Alberta government considering immigration changes during pandemic

Premier Jason Kenney says changes are coming to Alberta’s immigration practices as a result of the coronavirus pandemic.

Although the government won’t yet release details, the premier said the province can accommodate fewer newcomers as a result of global travel restrictions and Alberta’s economic crisis. He made the comments during a Facebook live video question and answer session on Wednesday night.

He said the government will push Alberta employers to “do everything they possibly can to look within Alberta to the huge and growing number of unemployed people” when hiring.

A formal policy announcement should come within weeks, a government spokesperson said Thursday.

However, immigration lawyers cautioned any rapid changes to immigration rules could have unintended consequences.

Although business prospects are rough right now, Calgary lawyer Evelyn Ackah said they will bounce back. When they do, they’re going to need immigrants to do the jobs Canadians just won’t do, she said.

Few Canadians apply for jobs in slaughterhouses or at fast-food restaurants, lawyers say.

Evelyn Ackah is a Calgary lawyer and founder of Ackah Business Immigration Law. (Submitted by Evelyn Ackah)

Ackah said as a result of the coronavirus pandemic, prospective immigrants are contacting her from China and India. They’re interested in buying and running businesses in Canada. Those job creators are who the province should be attracting, she said.

“Quick changes, boom boom boom, they have long repercussions and it takes a long time to resolve, and so, I really want to not let this crisis change the direction and the trajectory of immigration’s process,” she said.

Limited provincial control

With immigration being federal jurisdiction, there are limited steps Alberta’s government could take to curtail newcomers, said Megan Dawson, a partner at McCuaig Durocher in Edmonton.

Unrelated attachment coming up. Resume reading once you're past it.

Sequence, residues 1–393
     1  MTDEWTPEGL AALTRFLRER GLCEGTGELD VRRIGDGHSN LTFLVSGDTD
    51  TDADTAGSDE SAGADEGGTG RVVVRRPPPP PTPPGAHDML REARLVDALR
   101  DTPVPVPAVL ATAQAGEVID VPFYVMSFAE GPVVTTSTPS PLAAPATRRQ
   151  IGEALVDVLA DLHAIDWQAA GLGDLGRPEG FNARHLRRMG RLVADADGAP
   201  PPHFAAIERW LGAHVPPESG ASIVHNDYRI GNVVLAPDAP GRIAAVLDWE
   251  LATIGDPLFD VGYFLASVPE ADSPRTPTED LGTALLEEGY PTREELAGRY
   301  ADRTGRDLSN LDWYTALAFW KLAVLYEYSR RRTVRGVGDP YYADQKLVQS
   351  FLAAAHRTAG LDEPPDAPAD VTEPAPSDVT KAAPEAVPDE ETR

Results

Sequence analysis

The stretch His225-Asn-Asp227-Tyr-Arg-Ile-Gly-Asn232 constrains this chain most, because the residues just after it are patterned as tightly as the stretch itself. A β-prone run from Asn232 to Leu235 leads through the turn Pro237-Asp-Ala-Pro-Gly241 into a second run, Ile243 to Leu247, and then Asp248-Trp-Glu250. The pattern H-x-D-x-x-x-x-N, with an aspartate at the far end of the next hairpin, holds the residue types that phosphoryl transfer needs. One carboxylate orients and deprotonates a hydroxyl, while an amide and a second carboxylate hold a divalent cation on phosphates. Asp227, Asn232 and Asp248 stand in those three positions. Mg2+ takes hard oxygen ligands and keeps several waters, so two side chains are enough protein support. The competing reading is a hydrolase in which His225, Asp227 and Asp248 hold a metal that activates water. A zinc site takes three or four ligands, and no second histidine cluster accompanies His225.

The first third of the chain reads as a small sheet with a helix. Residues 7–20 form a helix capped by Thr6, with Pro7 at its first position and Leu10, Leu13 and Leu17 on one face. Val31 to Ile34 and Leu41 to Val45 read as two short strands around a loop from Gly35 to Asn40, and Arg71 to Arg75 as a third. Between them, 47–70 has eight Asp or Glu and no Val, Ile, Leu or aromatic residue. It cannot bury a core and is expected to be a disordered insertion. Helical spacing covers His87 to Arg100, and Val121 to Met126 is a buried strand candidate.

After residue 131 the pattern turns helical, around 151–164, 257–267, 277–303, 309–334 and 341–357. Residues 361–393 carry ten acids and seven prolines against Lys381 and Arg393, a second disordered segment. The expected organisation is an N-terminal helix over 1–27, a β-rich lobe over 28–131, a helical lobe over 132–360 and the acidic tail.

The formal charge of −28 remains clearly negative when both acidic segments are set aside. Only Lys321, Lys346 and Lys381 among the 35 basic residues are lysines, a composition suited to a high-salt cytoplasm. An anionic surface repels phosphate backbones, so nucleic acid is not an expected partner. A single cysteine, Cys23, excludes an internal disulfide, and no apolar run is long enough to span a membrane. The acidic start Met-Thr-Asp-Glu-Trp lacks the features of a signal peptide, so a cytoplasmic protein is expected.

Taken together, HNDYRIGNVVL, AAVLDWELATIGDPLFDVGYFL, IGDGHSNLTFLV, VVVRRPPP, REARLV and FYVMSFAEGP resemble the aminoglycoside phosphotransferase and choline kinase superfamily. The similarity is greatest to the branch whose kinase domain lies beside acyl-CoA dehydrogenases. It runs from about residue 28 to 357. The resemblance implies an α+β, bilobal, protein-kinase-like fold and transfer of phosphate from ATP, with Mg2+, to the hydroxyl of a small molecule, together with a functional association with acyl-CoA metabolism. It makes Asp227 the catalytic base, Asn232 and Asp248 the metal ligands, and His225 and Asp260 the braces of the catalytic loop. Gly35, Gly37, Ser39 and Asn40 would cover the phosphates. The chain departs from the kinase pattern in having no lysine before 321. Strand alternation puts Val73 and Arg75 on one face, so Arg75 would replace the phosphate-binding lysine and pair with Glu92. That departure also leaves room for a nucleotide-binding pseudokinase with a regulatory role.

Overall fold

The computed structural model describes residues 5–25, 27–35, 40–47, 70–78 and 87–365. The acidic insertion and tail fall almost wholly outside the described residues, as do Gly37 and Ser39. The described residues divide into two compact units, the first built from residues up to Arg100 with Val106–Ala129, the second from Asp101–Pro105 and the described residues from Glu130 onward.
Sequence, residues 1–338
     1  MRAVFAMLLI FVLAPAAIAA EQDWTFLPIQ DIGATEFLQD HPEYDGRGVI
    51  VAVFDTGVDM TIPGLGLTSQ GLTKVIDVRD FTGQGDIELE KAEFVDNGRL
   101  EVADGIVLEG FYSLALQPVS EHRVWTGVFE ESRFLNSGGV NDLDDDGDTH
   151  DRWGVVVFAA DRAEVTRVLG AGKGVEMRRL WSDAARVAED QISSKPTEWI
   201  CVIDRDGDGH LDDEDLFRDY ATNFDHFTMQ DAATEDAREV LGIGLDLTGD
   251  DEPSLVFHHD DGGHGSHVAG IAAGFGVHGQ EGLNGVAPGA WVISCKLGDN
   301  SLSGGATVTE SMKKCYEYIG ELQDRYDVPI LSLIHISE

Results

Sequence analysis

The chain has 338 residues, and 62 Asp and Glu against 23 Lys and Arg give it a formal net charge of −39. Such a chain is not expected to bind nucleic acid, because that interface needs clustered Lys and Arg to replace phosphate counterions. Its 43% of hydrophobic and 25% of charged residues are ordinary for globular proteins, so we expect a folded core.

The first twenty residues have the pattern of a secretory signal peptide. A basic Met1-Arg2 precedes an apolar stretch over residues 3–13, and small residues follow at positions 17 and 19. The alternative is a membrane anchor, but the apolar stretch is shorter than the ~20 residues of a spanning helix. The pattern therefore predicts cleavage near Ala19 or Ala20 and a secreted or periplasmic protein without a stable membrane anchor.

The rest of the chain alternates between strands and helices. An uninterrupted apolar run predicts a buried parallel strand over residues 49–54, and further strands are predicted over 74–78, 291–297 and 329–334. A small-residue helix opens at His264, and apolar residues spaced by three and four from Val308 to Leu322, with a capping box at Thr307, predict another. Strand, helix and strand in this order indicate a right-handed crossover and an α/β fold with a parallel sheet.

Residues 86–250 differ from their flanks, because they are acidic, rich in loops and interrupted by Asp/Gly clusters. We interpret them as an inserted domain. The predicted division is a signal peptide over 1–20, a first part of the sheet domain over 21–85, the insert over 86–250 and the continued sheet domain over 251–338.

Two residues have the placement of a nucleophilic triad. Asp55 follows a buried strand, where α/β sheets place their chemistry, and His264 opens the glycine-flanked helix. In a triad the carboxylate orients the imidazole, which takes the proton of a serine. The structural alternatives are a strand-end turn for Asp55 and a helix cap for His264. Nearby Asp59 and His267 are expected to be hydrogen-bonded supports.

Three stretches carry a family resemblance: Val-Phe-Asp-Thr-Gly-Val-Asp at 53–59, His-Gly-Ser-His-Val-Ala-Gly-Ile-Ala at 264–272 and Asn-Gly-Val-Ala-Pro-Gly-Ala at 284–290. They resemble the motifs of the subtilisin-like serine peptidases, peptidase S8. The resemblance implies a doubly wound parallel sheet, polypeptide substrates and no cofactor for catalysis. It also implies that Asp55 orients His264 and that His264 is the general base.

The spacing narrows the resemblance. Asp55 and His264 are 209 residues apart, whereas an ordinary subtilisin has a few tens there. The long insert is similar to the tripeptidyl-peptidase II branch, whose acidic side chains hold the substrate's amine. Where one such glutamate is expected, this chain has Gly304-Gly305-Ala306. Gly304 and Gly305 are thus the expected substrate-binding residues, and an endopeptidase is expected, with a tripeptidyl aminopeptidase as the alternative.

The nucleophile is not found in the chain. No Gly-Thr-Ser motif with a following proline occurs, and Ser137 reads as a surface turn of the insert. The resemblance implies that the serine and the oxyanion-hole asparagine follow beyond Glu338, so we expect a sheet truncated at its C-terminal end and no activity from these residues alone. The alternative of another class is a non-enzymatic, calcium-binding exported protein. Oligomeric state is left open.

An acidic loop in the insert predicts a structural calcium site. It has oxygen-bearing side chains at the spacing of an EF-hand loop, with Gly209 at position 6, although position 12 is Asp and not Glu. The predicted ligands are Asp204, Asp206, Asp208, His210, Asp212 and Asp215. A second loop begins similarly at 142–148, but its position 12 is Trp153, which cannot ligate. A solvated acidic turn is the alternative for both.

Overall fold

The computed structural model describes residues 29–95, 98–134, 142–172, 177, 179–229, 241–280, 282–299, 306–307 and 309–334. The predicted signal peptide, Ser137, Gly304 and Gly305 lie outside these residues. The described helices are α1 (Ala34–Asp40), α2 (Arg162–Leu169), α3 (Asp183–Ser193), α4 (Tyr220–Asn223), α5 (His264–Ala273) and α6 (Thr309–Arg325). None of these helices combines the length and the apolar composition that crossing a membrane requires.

The Alberta Immigrant Nominee Program allows the provincial government to select immigrants who are already working temporarily in Alberta to apply for permanent resident status if their skills and education fill an economic need in the province.

It’s a joint program with the federal and provincial government. In 2019, the province sponsored 6,000 immigrants through the program. From January 2015 to March 2020, nearly 50,000 people came to Alberta through the program, said Adrienne South, press secretary to the minister of labour and immigration.

The nominated immigrants are a fraction of the more than 232,000 people who became Canadian permanent residents during the same time period and intended to live in Alberta.

The federal government controls the admission of temporary foreign workers, refugees and other express entry newcomers, Dawson said.

Employers must often recruit workers with specialized knowledge and skills when people with the right training can’t be found in the province, she said.

Those economic immigrants often train Albertans and help companies create new jobs for locals, she said.

Alberta has a list of workers it doesn’t need, including teachers, actors, athletes and real estate agents. Dawson said the province could potentially expand that list of categories.

“There already are safeguards in place to show, that we did our best to hire Canadians for this job first,” she said.

“I think the ramifications could be potentially unintended or unexpected in a negative sense for some Alberta businesses if they’re not able to staff their business with foreign workers.” 

Pandemic slowed immigration process

Although the provincial immigrant nominee is still accepting applications, the lawyers say the pandemic has made the bureaucracy of immigration more difficult.

Ackah said some temporary workers in the midst of applying for permanent residency have been laid off, which could affect their eligibility.

Government programs have been accommodating and allowed extensions while applicants seek jobs in their fields, she said.

Other people ready to come to Canada can’t find flights or cross borders due to travel restrictions.

Dawson said offices that process visas and collect biometric data, such as fingerprints, are also closed.

“There’s essentially a large pause button on people trying,” she said.

According to Statistics Canada, the proportion of Alberta’s population consisting of immigrants more than doubled between 2001 and 2016. During the last census in 2016, nearly 24 per cent of people living in Alberta were immigrants.